Helmets designed to absorb energy

I SYMPATHISE with Nick Carter whose grandson died after falling from his bike on the Downs (Seaford Gazette, April 20).

If he had been wearing a cycle helmet that might have saved his life, and on the Downs, where the main risk factors relate to the competence of the rider and the state of the path, it seems that it is advisable for all cyclists to wear them.

Risks on the roads are different, where the behaviour of other road users is a major factor.

Typical helmets are designed to absorb the energy of a fall at 12mph, but collisions with vehicles usually occur at much higher speeds.

Helmets resist crushing injuries to some extent, but they may add to the damage caused by rotational forces.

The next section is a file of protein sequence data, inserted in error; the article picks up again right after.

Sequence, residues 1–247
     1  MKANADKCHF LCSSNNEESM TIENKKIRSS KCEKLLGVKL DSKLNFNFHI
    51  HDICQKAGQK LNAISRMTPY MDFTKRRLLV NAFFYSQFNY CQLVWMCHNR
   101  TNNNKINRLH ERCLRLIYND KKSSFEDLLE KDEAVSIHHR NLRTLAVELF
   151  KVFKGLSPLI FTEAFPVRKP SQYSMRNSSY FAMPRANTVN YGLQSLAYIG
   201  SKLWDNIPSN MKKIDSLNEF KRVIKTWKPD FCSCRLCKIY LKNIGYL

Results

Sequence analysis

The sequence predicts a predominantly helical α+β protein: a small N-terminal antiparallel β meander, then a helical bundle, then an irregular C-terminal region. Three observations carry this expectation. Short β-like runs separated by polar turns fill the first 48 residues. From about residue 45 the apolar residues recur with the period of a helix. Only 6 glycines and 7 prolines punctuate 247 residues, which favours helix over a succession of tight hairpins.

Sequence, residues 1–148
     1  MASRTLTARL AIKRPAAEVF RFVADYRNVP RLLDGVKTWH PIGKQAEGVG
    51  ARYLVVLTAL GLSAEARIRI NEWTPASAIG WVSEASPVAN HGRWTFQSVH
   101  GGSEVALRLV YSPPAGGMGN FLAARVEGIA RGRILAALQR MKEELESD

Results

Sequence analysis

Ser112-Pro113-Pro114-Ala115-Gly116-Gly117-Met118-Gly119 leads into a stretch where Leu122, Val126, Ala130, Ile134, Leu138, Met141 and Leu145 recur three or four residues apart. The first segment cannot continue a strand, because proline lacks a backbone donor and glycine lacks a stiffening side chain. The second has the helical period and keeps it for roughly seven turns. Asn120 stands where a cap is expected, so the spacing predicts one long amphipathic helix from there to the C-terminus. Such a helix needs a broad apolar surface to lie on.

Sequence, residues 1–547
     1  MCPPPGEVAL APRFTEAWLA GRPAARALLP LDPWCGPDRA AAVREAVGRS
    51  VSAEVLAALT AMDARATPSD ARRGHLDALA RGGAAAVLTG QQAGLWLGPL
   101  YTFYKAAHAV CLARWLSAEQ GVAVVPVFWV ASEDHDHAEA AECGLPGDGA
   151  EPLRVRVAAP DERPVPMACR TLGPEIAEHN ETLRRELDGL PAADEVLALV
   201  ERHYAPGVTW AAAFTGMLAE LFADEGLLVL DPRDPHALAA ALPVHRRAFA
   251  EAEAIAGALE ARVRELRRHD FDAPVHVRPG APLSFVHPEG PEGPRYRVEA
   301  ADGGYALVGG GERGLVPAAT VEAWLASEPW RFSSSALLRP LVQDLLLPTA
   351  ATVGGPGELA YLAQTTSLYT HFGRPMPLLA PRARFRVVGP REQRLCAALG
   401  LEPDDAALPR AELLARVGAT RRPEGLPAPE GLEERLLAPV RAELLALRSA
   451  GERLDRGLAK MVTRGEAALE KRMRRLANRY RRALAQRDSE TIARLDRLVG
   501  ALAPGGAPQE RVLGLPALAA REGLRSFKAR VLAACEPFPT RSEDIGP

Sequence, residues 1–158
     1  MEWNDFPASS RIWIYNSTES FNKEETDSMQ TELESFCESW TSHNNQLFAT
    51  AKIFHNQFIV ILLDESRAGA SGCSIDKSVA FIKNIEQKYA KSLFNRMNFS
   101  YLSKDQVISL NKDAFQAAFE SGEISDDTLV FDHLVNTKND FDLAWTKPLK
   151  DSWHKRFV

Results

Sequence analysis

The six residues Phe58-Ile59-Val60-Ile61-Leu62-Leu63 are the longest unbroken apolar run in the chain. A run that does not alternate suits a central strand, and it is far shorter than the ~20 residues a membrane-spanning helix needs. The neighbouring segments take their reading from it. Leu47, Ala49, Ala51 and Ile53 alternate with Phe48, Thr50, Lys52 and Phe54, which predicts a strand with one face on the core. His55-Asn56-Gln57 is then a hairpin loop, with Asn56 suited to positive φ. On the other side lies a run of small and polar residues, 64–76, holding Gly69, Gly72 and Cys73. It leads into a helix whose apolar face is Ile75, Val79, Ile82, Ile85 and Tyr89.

In 2006 Dr Ian Walker of Bath University used a proximity detector which recorded how much margin drivers allowed when passing him.

When he rode without a helmet drivers allowed him an extra 8.5cm on average, and when he wore a wig they allowed an extra 14cm.

It is important to reduce the damage caused by an accident, but it is better not to have one at all.

Helmets are rare in the Netherlands (about one rider in 1,000), and cycling fatalities are about one third of the rate in Australia where helmets are compulsory.

When helmets are made compulsory, many people give up cycling and lose the health benefits associated with it.

As yet no sufficiently comprehensive research has been done to fully evaluate the various risks and it would be immoral to enforce the wearing of helmets while there is still serious doubt about whether they make cyclists more or less safe.

David Hitchin

Wilkinson Way, Seaford